Problem-Solving Strategies of First Graders
Hoosain, Emam, Chance, Renee H., Teaching Children Mathematics
The significance of problem solving in the K-12 mathematics curriculum has been well documented over the years by professional organizations and individuals. The National Council of Supervisors of Mathematics (NCSM 1977) and the National Council of Teachers of Mathematics (NCTM 1980, 1989, 2000) endorse the inclusion of problem solving at all grade levels. For example, NCTM (1989) states, "The development of each student's ability to solve problems is essential if he or she is to be a productive citizen" (p. 6). In the same publication, NCTM asserts that "problem solving should be the central focus of the mathematics curriculum. As such, it is a primary goal of all mathematics instruction and an integral part of all mathematical activity. Problem solving is not a distinct topic but a process that should permeate the entire program and provide the context in which concepts and skills can be learned" (p. 23). NCTM reiterates its position on problem solving in Principles and Standards for School Mathematics (NCTM 2000).
Cognitively Guided Instruction (CGI)
Cognitively Guided Instruction (CGI) is an example of a research-based, problem-solving approach to teaching mathematics. As the name implies, an understanding of the learner's thinking guides instruction. The idea originated at the University of Wisconsin with Thomas Carpenter and his colleagues. Although it is intended primarily for grades K-3, CGI is such a broad philosophy of teaching that it can be adapted for use at almost any grade level.
In this approach, the teacher presents students with mathematical word problems set in the context of their environment and allows students the freedom to create their own strategies for solving the problems using available resources. They can use physical, pictorial, or symbolic representations and are encouraged to explore different ways to solve a particular problem. In the process of solving problems, children invent their own algorithms and share their problem-solving strategies with the rest of the class. The process of obtaining an answer is more important than the answer itself.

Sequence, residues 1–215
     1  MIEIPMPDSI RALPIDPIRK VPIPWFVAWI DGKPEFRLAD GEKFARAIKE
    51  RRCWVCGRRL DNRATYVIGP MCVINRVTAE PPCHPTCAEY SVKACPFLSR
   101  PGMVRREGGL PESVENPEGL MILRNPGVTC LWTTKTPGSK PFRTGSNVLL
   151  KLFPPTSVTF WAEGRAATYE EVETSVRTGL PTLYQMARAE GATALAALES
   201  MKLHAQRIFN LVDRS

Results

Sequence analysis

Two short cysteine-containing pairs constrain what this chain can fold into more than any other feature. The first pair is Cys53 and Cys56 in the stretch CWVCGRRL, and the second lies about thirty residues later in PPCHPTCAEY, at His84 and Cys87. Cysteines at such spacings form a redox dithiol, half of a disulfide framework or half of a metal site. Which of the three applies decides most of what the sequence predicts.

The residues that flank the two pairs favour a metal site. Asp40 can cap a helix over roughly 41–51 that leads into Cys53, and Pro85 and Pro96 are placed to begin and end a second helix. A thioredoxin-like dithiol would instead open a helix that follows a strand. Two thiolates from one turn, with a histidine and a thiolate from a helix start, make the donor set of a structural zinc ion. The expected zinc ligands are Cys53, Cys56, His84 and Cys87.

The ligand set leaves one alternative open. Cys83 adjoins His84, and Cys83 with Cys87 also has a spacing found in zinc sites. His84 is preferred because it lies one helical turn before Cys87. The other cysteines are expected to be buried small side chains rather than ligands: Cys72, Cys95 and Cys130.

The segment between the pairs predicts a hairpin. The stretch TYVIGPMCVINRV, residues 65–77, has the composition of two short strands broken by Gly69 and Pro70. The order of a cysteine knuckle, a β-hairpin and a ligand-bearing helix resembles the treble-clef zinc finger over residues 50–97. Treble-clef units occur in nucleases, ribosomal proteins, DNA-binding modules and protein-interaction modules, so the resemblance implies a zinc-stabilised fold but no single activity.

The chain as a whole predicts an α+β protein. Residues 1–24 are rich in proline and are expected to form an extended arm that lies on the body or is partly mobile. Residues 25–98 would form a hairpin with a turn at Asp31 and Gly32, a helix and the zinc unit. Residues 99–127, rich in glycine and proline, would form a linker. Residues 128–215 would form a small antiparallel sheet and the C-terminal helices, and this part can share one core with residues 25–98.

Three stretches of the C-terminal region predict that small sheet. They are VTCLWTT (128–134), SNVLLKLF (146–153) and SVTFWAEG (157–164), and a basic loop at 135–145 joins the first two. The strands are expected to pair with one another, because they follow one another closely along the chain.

Based on a student's response to a problem, the teacher prepares appropriate follow-up problems. For example, if a student has not solved a problem satisfactorily, the teacher may give him or her a less difficult problem, perhaps one with lesser numbers. The CGI approach easily addresses NCTM's Process Standards (Problem Solving, Reasoning and Proof, Communication, Connections, and Representation); this is one of its greatest benefits. More important, learners become adept at these processes.
The CGI teacher is a facilitator of learning rather than a disseminator of knowledge. He or she avoids imposing adult thinking on students. The teacher spends a lot of time questioning and listening to student's explanations in order to determine how they are thinking. Therefore, the teacher must possess good questioning skills. Once the teacher has determined how the learner is thinking, he or she tries to build on the learner's ideas. CGI is based on the premise that children come to school with a great deal of mathematical knowledge; the task of the teacher is to uncover this knowledge and build on it.
CGI places great emphasis on individualization, conceptual understanding, and higher-order thinking. More emphasis is placed on formative evaluation than on summative evaluation. The approach does not use any teaching materials such as text-books, so the teacher must prepare his or her own problems. This and other responsibilities such as classroom management make teaching challenging for the CGI teacher. For a discussion of the characteristics of a CGI classroom, see Chambers and Hankes (1994).
Classroom management issues are important concerns for the CGI teacher, especially if the class is large, because CGI is an individualized approach. …